A New Way to Play: The World of Esports at JWU

Nolan Badore practices with his team at the JWU Esports Center.

Eat, sleep, play. Go to class, work, play. Practice with the team, play. Then do it all over again. Welcome to the world of esports at JWU.

Gamers are living their best lives on campus right now. They’ve always been here, playing from their rooms. But starting in the fall of 2019 they have had access to 1,588 square-foot Esports Center, where more than 60 official team members play for 14 different teams, across 10 different games including League of Legends, Overwatch and Smash Bros. There, they meet up for casual games, team practice and competitive tournaments.

“I play Overwatch way more than I practice with the team,” says Nolan “Shinobu” Badore '21, a Graphic Design major, captain and primary DPS for Overwatch Blue, one of the JWU teams. “We seriously practice the game a minimum of six hours a week, that is three practices. And then outside of that, including games and times that I play with the team just for fun, I’d say five hours or more a day, every day.” That’s a lot of hours, and for Badore the more the better.

Nolan Badore is ranked as a High Master in Overwatch.

Nolan Badore.

“I have been playing video games for as long as I can remember. That’s sort of a similar story for a lot of people here; it’s like we’ve just always been playing,” he says. When Overwatch came out in 2016, he had been playing other competitive games like Call of Duty, but he was getting tired of the style. “When Overwatch came out it really grabbed my attention because it wasn’t your normal military simulation game. It’s really bright and colorful, and also really engaging and competitive-focused.”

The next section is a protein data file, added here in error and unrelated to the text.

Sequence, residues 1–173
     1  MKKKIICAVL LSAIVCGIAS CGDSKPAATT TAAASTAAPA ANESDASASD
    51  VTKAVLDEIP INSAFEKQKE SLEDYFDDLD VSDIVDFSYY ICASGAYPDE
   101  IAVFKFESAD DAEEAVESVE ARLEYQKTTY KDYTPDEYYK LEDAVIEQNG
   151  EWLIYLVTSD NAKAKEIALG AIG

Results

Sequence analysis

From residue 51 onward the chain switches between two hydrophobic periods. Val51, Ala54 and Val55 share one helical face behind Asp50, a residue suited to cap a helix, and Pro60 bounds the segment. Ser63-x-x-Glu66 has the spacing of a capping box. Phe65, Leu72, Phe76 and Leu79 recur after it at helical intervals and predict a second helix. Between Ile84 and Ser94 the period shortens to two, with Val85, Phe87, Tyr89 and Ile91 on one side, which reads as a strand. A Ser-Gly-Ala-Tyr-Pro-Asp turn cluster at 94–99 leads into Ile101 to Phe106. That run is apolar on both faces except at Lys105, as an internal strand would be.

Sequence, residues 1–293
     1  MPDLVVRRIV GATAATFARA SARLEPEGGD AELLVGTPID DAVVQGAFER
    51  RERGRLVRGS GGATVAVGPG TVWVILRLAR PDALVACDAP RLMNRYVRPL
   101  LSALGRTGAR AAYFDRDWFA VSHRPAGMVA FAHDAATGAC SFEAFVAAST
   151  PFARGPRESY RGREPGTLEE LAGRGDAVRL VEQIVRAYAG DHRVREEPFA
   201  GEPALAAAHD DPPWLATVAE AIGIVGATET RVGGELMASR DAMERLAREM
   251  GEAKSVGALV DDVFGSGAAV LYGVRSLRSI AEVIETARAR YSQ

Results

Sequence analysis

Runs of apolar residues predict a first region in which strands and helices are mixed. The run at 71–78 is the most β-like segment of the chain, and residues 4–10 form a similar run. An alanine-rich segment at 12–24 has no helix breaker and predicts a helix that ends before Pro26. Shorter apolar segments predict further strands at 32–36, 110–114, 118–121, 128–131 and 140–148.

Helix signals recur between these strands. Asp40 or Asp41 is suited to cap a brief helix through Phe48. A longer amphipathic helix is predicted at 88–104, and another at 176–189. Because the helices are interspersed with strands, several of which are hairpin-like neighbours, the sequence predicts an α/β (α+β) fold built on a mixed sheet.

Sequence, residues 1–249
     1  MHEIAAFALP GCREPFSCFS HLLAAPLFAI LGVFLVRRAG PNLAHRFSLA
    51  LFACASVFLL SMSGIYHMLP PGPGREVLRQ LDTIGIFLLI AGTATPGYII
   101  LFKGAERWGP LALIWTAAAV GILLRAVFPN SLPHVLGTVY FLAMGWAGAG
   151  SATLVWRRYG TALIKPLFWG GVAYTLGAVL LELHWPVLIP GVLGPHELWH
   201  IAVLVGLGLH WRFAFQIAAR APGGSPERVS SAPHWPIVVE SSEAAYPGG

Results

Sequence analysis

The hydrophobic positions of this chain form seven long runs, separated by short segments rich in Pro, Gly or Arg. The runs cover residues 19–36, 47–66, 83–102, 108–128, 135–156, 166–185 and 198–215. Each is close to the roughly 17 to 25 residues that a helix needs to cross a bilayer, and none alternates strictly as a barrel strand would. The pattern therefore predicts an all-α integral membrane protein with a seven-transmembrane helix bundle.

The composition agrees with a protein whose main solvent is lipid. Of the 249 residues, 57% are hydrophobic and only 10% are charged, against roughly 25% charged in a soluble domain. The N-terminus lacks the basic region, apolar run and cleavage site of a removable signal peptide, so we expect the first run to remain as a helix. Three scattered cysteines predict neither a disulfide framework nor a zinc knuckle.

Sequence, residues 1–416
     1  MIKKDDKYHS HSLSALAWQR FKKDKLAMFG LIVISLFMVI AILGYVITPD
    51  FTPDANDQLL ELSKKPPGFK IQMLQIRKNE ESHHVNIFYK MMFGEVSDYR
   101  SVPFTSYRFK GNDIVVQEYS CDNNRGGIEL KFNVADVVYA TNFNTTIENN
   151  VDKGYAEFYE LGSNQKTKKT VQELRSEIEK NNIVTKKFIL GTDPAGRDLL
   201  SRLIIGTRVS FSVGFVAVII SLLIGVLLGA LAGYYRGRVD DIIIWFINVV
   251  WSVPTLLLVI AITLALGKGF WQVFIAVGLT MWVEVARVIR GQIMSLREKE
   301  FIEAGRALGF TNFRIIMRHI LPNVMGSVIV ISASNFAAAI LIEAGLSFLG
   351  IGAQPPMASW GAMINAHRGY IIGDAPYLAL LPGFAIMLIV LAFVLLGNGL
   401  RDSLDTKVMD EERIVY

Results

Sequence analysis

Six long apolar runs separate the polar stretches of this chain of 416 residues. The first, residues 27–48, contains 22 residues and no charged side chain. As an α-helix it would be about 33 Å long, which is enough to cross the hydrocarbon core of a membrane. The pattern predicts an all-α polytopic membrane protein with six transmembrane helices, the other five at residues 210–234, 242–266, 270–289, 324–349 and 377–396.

Breaking down the game quickly, Badore points out that teams play 6v6 in combat, with heroes playing one of three roles: tank, damage (DPS) or support. Ultimately, he says, the main objective is to capture the payload maps in a predetermined amount of time. He started out playing tank, the players in charge of holding the frontline and creating space for the damage dealers. As his skills and rankings improved, he transitioned to the DPS role and when he found out that JWU was going to start a competitive esports team, his outlook toward the game became more serious.

“This was the game that me and my friends played and we had fun, I even made YouTube videos of me streaming,” he adds. “But once JWU esports was announced, I decided I was going to really take it seriously and put in the time and effort to become better. I really grinded, and hit Masters [rank] not too long ago. I’ve pushed through Masters all the way up to the 3,900 mark, which is High Masters. And that’s far exceeded my goal.”

Rankings are extremely important in competitive Overwatch. Players are ranked in one of seven ways:

  • Bronze: 1,500
  • Silver: 1,500-1,999
  • Gold: 2,000-2,999
  • Platinum: 2,500-2,900
  • Diamond: 3,000-3,499
  • Masters: 3,500-3,999
  • Grandmaster: 4,000 and up

Kaley “Sertle” Frye '21, a Marketing major and support for Overwatch Blue, knows all about what it means to take the game seriously. She recently moved up the ranks to become a Grandmaster.

Kaley Frye recently become a Grandmaster in Overwatch.

“I actually just achieved that [in February], so I’m so relieved that I’ve done it,” says Frye. “I’ve played the game for four years, I was bound to do it eventually. And it’s really, really difficult, but I'm super happy that I did it, you know, it's a big achievement for me.”